MS. MCCARTHY: Good morning, everyone. Welcome to the Department of State's historic Benjamin Franklin Diplomatic Reception Room, which many of you have seen before; it is truly a treasure. My name is Deborah McCarthy. I'm the principal deputy assistant secretary in the Economic Bureau, and we are part -- I am part of a fantastic economic team here in the Department that supports U.S. business. We negotiate the rules of the game for trade and investment, and we promote economic growth.
Today, we are here to honor some fabulous companies that contribute to our mission through their exemplary corporate citizenship. The importance that we attach to the role of U.S. companies as global ambassadors for responsible economic growth is reflected in the Secretary's presence here today to announce this year's winners of the Secretary's Award for Corporate Excellence.
I would like to introduce now Mr. Robert Hormats, our under secretary for Economic, Energy, and Agricultural Affairs. Bob chaired the interagency principal selection committee that deliberated between 80 highly competitive submissions for this prestigious award. With a very distinguished background in both the public and the private sector, Under Secretary Hormats serves as our senior economic official, advises the Secretary on international economic policy, and covers all global economic issues as well as outreach to business.
Prior to assuming his current position, Bob had a long and very distinguished career with Goldman Sachs, but he is not a newcomer to the Department, as he previously served here as the assistant secretary for Economic Affairs. He was also deputy U.S. trade representative and a senior staff member of the International Economic Affairs Office at the National Security Council. He is a highly regarded lecturer and has written many, many publications on the global economy, debt, and monetary reform.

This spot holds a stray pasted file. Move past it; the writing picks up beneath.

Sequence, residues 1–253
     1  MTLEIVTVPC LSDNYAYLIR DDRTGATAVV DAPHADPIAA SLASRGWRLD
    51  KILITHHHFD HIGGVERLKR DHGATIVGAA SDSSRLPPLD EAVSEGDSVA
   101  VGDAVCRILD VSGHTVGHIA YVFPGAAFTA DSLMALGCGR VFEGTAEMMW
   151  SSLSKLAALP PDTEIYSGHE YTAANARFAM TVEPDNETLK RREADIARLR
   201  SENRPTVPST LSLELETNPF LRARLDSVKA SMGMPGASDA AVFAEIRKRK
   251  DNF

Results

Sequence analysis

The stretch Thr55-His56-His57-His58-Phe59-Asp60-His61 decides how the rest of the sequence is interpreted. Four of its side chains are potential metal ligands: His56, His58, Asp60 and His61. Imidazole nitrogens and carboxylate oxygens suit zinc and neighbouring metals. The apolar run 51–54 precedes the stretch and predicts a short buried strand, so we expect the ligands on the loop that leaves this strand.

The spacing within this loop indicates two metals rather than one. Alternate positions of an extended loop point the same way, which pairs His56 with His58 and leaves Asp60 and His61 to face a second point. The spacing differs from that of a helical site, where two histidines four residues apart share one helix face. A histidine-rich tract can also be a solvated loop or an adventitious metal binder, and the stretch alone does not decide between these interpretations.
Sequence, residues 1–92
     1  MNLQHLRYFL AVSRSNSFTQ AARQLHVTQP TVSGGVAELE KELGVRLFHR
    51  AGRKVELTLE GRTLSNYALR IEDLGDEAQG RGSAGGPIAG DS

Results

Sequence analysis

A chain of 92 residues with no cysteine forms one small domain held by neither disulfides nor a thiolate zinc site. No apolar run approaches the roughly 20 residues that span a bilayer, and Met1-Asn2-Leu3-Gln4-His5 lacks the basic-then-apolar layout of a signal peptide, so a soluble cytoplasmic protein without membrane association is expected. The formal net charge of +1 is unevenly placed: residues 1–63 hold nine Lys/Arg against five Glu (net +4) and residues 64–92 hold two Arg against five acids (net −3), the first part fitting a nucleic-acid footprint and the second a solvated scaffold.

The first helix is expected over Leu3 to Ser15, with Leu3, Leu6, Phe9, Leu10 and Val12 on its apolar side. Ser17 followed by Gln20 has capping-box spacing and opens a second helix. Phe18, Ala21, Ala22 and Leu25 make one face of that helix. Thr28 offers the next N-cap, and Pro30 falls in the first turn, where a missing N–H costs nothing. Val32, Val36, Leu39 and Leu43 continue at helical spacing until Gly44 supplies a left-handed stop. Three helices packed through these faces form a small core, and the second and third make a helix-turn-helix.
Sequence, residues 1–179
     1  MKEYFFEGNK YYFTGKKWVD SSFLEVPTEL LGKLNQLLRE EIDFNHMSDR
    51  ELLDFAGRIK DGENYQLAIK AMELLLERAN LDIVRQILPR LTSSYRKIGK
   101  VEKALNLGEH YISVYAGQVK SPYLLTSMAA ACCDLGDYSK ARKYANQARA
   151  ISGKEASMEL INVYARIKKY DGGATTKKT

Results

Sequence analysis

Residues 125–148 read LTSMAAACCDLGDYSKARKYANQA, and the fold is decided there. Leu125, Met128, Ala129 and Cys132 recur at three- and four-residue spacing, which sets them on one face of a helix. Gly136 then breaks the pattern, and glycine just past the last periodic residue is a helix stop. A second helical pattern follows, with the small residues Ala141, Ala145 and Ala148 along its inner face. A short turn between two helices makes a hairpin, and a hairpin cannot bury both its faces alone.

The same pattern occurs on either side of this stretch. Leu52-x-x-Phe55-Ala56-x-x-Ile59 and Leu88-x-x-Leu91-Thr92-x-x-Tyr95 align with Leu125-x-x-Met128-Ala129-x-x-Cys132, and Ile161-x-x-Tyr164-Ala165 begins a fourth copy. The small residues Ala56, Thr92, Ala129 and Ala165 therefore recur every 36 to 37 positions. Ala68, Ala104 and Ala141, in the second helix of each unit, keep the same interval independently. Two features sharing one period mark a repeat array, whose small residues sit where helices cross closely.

Now, it is my great honor to present you my boss, Mr. Robert Hormats. (Applause.)
UNDER SECRETARY HORMATS: Thank you very much for your kind introduction, Deborah. It's a great honor to be here, and I want to welcome all of you to this ceremony for the 2010 Secretary of State's Awards for Corporate Excellence. I am pleased that all of you could join us today for the 12th year of this very special program which we call ACE. It is an event that we at the State Department look forward to each year because it's a chance to showcase some of the truly good work that the American business community does daily all over the world. In a few moments, Secretary Clinton will announce this year's winners. But first, I want to make a few remarks about the ACE Award itself.
The State Department established the ACE Award in 1999 in order to recognize the critical role that U.S. businesses play around the world in advancing good corporate citizenship and democratic principles, actions that help to create enabling environments where democracy and economic development can flourish. U.S. companies are nominated by U.S. ambassadors throughout the world. Nominations are based on achievements in areas such as innovation, responsible environmental stewardship, exemplary employment practices, and contributions to the overall growth and development of the local economy. Winners represent both multinational companies and small to medium size enterprises as well.
This year the interagency selection committee, which I am pleased to be able to chair, evaluated a record of nearly 80 ACE nominations. I want to thank the U.S. ambassadors and their country teams for their outreach to the U.S. business community, their commitment to the ACE program, and their efforts to identify the outstanding ACE nominations we received. Every one of the ACE nominees is doing important work in helping the people in their host countries to achieve a better life for themselves, their families, and their communities. That's because these companies know that operating abroad involves more than just investing in buildings and equipment. It means investing in a country's greatest resource -- its people.
I would also like to thank the members of the ACE selection committee who did such a great job in the interagency team to select both the ACE finalists and the actual winners for 2010. Our 12 ACE finalists, which I was pleased to announce in September, are U.S. companies operating throughout the world, including Africa, Asia, Europe, Latin America, and the Middle East. These finalists rose to the top of a very competitive list of candidates. They are Alta Ventures in Mexico; Cisco Systems in Israel; Coca-Cola in Swaziland; Denimatrix in Guatemala; Fiji Water in Fiji; GE in India; Intel in Costa Rica; Mars, Inc. in Ghana; PepsiCo in India; Qualcomm in China; Synopsys in Armenia; and Tang Energy in China.